- An unsuspecting man became the latest victim of crime in South Africa
- While walking at Small Street in Johannesburg, he was jumped by a ground of thugs who mugged him in broad daylight
- A video of the incident went viral and social media users could not help but notice that not one person attempted to help the victim
A video has caused outrage and concern on social media this week. The clip, which was shared by social media user Sizwe Mabaso (@KingMntungwa), shows a man getting mugged in Johannesburg in broad daylight.
The group of thugs managed to pin the victim to the ground as they ransacked him for his belongings. The brazen attack took place at Johannesburg Small Street, according to Mabaso. He captioned the post:
"Welcome to JHB Small Street."
Take a look at the video below:
The clip went viral, gathering over 49 000 views in less than a day, and South Africans were left concerned. Many pointed out that the thugs mugged the man during the day while there were crowds of people who could witness it.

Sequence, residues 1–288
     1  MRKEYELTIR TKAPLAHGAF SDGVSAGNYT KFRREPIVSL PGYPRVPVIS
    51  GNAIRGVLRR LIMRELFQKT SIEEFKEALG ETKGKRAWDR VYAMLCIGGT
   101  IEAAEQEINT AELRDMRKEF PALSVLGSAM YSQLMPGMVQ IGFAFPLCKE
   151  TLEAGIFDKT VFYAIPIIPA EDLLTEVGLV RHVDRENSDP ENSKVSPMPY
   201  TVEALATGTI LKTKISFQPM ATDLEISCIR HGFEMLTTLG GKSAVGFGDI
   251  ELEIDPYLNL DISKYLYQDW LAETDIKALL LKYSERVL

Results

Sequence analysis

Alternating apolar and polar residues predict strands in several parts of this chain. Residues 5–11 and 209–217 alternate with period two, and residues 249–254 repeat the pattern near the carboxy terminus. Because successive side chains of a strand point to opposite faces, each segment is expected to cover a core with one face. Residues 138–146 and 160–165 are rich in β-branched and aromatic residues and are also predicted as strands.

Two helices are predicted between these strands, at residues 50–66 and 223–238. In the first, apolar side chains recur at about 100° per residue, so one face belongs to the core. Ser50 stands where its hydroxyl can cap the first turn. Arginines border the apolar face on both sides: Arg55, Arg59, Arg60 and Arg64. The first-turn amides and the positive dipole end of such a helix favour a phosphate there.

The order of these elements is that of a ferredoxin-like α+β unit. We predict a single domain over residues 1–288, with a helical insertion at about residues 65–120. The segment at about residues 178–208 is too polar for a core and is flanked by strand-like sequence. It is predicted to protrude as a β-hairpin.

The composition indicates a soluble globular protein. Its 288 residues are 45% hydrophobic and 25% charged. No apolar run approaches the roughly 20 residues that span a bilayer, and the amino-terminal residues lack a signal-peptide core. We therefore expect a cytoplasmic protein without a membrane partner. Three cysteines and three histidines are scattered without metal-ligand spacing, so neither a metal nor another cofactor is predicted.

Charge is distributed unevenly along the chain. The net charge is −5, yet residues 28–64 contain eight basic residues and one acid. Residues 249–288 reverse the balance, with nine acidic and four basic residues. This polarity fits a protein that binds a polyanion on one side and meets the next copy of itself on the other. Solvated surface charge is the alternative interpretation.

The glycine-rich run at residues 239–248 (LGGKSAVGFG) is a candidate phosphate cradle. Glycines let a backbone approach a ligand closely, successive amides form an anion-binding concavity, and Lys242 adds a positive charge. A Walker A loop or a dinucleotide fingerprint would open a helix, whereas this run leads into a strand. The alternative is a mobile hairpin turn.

This had social media users angry because not a single person attempted to help the victim. Many just watched or walked away, turning a blind eye to their fellow South African's suffering.
Twitter user, @nhala_2013, commented:
"The sad part is even after the ordeal no one even bothered to help him up."
Nceba S Radebe, @RulzKay1_, added:
"No one's doing anything. Even come afterwards to see if he's alright."
Another tweep, @ZikhonaPK, said:
"I respect this place. I take off my watch, rings, anything that could make me stand out. I stash my money in pockets or in my bra. One place you need to stay woke at, don't even carry your phone, don't talk to no one."
Meanwhile, in other news, Briefly.co.za reported the case against two alleged suspects for the death of Brendin Horner, aged 32 and 43, has been postponed until 16 October.
Protestors from all over the country met outside of the Senekal Magistrate's Court on Tuesday morning. The demonstrations descended into chaos with protestors attempting to reach the suspects in the court's holding cells, prompting clashes with police.
The Senekal Magistrate's Court was almost entirely engulfed by countless protesters voicing their anger over farm murders. While the proceedings had begun on a peaceful note, things had become violent after the case was postponed. Vehicles and even horses had been decorated with white crosses had driven in convoys to the court.
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